And now there's the matter of Peter Brook's theater.

In the context of this specific affair, it could very well be that Brook and his theater might have saved themselves, the Cameri and all of us a lot of confusion and headache by not agreeing to come here in the first place. It is certainly possible that the Cameri can sue Brook's theater for breach of contract, and maybe even win.

I assume that Brook and his people were aware of this possibility and made their decision anyway. I'm willing to bet that Brook was not aware of the story of Ariel until he was informed of the facts. It is also possible that, given the constant Israeli turmoil, the facts don't seem all that important here. But Ariel - what it is and where it is - is still a fact. The fact that we treat it as ours doesn't make it so.

And it is also worth mentioning that the astonishment expressed by Noam Semel, the general manager of the Cameri, over Peter Brook not refusing to receive the Dan David Prize (and its $1 million purse ) at Tel Aviv University, constructed on top of what was once the Arab village of Sheikh Munis, is tasteless demagoguery, best left unheard. But the very fact that such a statement was made in this argument shows that Semel and the Israeli establishment, including the theater, don't understand the severity of the effect that the issue of Ariel has had on international relations and the Israeli theater.

For many Israelis, this is self-evident: The theater gets money from the state; the state supports settlements and wants to show that the world keeps turning, that it's business as usual, normality at its best - theater for the Jews and occupation for the Palestinians. Yes, it's true, every once in a while there's some blood-letting and stories about the oppression of Palestinians and their living conditions, but they started it all by refusing the 1947 United Nations partition plan, and besides, there's terrorism.

The Cameri can scream until it's blue in the face and say: Look, we also put on plays against the occupation ("Return to Haifa," based on a story by Ghassan Kanafani, which recently garnered a great deal of enthusiasm in Washington, including a nomination for a prestigious prize for actress Rosina Kambus, and we put on "Cabaret," which in addition to being entertaining also delivered a clear anti-racism message.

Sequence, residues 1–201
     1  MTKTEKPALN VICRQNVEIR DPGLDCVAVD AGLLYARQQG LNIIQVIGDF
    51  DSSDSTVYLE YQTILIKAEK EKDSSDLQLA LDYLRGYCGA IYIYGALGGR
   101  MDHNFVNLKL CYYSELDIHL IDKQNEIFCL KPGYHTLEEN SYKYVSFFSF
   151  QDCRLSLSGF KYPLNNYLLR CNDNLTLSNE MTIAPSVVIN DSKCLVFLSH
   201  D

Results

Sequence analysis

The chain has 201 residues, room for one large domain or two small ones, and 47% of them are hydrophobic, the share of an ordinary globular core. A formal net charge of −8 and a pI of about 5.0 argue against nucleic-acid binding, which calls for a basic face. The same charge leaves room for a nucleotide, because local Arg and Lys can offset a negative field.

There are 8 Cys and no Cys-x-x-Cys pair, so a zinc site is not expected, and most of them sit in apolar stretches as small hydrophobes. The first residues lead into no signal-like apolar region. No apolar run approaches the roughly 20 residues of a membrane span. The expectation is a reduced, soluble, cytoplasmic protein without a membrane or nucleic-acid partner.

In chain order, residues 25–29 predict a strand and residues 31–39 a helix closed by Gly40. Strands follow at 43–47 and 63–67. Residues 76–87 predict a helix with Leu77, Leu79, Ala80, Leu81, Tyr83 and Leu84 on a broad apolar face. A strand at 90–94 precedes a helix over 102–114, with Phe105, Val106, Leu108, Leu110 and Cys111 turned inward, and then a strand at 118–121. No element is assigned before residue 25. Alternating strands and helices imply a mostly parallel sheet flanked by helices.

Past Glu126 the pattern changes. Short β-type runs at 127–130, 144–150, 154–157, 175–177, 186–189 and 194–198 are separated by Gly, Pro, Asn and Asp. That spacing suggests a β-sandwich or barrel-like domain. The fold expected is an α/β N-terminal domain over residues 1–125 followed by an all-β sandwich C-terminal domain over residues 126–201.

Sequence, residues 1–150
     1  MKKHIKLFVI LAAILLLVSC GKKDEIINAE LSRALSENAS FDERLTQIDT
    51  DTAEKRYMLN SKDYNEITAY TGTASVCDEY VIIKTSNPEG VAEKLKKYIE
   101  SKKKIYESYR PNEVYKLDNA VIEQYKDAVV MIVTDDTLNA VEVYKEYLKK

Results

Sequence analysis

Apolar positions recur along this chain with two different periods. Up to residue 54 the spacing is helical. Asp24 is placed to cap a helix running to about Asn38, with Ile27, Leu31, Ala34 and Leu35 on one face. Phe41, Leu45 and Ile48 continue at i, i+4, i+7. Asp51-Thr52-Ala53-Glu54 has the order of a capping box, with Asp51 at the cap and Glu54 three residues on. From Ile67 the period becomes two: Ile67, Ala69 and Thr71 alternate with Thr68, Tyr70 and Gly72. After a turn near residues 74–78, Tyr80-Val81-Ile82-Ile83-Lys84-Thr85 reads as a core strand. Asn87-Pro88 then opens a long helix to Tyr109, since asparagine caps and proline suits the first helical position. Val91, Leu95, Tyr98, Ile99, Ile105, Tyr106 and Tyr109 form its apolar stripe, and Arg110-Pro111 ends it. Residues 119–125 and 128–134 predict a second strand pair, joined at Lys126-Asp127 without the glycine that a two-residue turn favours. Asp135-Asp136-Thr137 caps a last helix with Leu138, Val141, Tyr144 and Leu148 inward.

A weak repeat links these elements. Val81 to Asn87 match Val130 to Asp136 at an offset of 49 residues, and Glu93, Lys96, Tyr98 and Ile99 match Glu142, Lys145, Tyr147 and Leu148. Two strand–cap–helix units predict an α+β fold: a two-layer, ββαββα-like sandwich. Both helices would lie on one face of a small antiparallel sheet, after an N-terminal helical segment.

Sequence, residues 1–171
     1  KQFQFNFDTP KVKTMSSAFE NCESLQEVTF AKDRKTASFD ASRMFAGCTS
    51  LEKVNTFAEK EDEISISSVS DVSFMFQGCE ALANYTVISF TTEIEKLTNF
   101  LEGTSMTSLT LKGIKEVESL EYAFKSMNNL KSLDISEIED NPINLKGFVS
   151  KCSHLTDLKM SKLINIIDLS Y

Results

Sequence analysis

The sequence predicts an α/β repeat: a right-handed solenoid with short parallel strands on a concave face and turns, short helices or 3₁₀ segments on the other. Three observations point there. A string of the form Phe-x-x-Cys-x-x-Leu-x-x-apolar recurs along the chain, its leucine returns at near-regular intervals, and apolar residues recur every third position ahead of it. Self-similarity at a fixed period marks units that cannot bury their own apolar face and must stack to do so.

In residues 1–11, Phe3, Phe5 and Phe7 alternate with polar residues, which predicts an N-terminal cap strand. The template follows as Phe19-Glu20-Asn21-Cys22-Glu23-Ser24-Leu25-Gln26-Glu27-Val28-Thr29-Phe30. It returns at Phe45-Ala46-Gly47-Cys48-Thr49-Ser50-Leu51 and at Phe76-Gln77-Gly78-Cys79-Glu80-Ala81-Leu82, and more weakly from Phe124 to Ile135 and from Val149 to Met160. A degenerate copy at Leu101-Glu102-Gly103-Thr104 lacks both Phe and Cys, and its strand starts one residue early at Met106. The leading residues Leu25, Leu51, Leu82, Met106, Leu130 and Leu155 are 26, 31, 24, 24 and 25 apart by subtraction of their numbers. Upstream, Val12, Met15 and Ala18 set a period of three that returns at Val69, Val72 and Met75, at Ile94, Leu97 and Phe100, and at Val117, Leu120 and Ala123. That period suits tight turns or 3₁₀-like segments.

They can also complain of having been responsive to every one of Brook's requests - to appear in Ramallah and Haifa and to cut ticket prices for students. They can also repeat that, given their situation, they have no choice but to appear in Ariel, and they can show that performances in Ariel are a drop in the bucket compared to their performances elsewhere.

All of this could also be used to argue for a penalty. If one looks at the role played by Israeli theater, willingly or not, in the Israeli occupation, the determining factor when it comes to the question of collaboration or non-collaboration with the occupation is: Did the theater perform in an auditorium located in an internationally disputed area?

Since Ariel is in fact located in an internationally disputed area, performances by an Israeli theater there are liable from this point onward - and certainly for as long as they continue - to serve as a cause (or pretext, if you prefer ) for action directed against Israeli theaters internationally.

Therefore, it could well be that the hearts of Israeli theater people are in the right place. It could well be that as publicly funded institutions they have no choice. But they should know that performing in Ariel (or Kiryat Arba, or any other auditorium ever built in the occupied territories ) comes with a price. The uproar at the London Globe and the cancellation by Brook's theater company are that price. It could be that it's worth our while to pay. But maybe not. As they say in such cases: Time will tell.